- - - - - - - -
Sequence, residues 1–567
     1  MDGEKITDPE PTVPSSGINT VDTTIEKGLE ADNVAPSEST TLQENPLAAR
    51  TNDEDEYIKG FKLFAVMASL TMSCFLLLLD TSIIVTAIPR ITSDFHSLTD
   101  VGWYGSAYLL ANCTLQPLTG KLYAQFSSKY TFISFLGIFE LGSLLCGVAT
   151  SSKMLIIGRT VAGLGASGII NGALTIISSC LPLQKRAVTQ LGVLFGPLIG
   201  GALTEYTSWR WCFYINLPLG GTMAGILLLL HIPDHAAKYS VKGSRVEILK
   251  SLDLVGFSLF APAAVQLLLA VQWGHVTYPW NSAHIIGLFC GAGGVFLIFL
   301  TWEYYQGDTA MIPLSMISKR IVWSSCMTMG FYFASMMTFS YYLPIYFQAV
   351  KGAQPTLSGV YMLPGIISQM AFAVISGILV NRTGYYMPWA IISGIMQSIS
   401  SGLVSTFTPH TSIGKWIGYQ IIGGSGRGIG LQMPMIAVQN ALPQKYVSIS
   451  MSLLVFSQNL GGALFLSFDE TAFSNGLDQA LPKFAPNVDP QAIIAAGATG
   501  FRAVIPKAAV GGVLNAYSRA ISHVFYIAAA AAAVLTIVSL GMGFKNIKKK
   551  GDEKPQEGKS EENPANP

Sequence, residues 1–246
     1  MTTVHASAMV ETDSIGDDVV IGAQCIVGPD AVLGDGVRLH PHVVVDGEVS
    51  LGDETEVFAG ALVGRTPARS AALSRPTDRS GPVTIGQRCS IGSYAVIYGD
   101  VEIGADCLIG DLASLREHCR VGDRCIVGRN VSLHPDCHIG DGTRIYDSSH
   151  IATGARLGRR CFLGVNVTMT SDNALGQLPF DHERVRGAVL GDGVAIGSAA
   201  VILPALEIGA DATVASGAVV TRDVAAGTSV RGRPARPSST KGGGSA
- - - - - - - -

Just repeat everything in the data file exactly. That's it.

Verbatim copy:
Sequence, residues 1–567
     1  MDGEKITDPE PTVPSSGINT VDTTIEKGLE ADNVAPSEST TLQENPLAAR
    51  TNDEDEYIKG FKLFAVMASL TMSCFLLLLD TSIIVTAIPR ITSDFHSLTD
   101  VGWYGSAYLL ANCTLQPLTG KLYAQFSSKY TFISFLGIFE LGSLLCGVAT
   151  SSKMLIIGRT VAGLGASGII NGALTIISSC LPLQKRAVTQ LGVLFGPLIG
   201  GALTEYTSWR WCFYINLPLG GTMAGILLLL HIPDHAAKYS VKGSRVEILK
   251  SLDLVGFSLF APAAVQLLLA VQWGHVTYPW NSAHIIGLFC GAGGVFLIFL
   301  TWEYYQGDTA MIPLSMISKR IVWSSCMTMG FYFASMMTFS YYLPIYFQAV
   351  KGAQPTLSGV YMLPGIISQM AFAVISGILV NRTGYYMPWA IISGIMQSIS
   401  SGLVSTFTPH TSIGKWIGYQ IIGGSGRGIG LQMPMIAVQN ALPQKYVSIS
   451  MSLLVFSQNL GGALFLSFDE TAFSNGLDQA LPKFAPNVDP QAIIAAGATG
   501  FRAVIPKAAV GGVLNAYSRA ISHVFYIAAA AAAVLTIVSL GMGFKNIKKK
   551  GDEKPQEGKS EENPANP

Sequence, residues 1–246
     1  MTTVHASAMV ETDSIGDDVV IGAQCIVGPD AVLGDGVRLH PHVVVDGEVS
    51  LGDETEVFAG ALVGRTPARS AALSRPTDRS GPVTIGQRCS IGSYAVIYGD
   101  VEIGADCLIG DLASLREHCR VGDRCIVGRN VSLHPDCHIG DGTRIYDSSH
   151  IATGARLGRR CFLGVNVTMT SDNALGQLPF DHERVRGAVL GDGVAIGSAA
   201  VILPALEIGA DATVASGAVV TRDVAAGTSV RGRPARPSST KGGGSA